The search for market inefficiencies in global markets
Passive investment has grown sharply over the past decade as many investors switch to lower-fee index funds. Meanwhile, many active managers have struggled to keep up with rising global markets, with major benchmark indices at or near record highs.
Given this ongoing trend, the question now being asked is: Are there any market inefficiencies left for active fund managers to exploit?
Eileen Riley and Lee Rosenbaum, co-portfolio managers of the Loomis Sayles Global Equity Fund, certainly think so.
“Market inefficiencies happen all the time, even in very large, very well-established, large-cap companies,” Rosenbaum said.
“I think there’s a misconception in the marketplace that just because a company is big, it must be efficiently priced. We don’t think that’s the case,” he said.
For example, Amazon, which the Fund holds, has plenty of scope for further growth in its cloud computing business, Amazon Web Services. More recently, Amazon has been able to establish its own marketing and advertising business, which is now at scale.
“We don’t believe this new initiative is fully reflected in Amazon’s share price today,” Rosenbaum said.
“We’re also really excited to see what it can do in the healthcare sector,” he said.
“Amazon recently acquired a company that we think is going to move them more into the pharmacy area. It wouldn’t surprise us if we look back, in four or five years and say: ‘Look how far Amazon has come in Healthcare’ the same way we’re now saying, ‘Look how far they’ve come in cloud computing through their [Amazon Web Services] business’.”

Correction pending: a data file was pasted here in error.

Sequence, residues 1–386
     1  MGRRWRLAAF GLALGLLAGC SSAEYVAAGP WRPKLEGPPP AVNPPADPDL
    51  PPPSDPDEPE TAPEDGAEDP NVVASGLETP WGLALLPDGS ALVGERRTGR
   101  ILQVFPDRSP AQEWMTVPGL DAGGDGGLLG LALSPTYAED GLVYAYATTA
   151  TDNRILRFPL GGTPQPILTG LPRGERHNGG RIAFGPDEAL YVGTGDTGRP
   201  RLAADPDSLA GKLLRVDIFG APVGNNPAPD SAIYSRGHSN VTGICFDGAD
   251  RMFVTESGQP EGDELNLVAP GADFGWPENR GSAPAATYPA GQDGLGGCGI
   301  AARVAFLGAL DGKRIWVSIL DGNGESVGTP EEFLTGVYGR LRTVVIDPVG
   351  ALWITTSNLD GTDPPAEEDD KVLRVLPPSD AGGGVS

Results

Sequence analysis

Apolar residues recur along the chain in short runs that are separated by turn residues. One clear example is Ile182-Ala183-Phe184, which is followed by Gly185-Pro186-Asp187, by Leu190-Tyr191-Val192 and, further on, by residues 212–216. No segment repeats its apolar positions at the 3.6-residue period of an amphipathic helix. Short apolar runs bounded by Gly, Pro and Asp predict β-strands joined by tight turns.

Identifying market inefficiencies
Sticking to a disciplined investment approach and taking a long-term view amid all the noise in global markets sounds simple. Yet, without proper consideration, it can be fairly trying at times, too.
To capitalise on market inefficiencies, Riley and Rosenbaum seek out three specific characteristics – or alpha drivers – that they believe signal returns above those delivered by a market benchmark.
They look for:
- quality businesses
- with the ability to grow their intrinsic value over time
- while trading at attractive valuations.
By focusing on these alpha drivers, the team seeks to target two market inefficiencies, or opportunities they believe the broader market hasn’t yet discovered. They classify the inefficiencies as the ‘duration’ (compound) effect and the ‘valuation’ (mispricing) effect.
“Our team is consistently looking for the same three alpha drivers in a business, and we are looking for two inefficiencies in the market – the duration effect and mispricing – which we hope to identify and take advantage of,” Riley said.
The ‘duration’ effect
The duration effect is a company’s ability to grow its value over time through the compounding of its cash flows. By definition, this requires a long-term view of a business.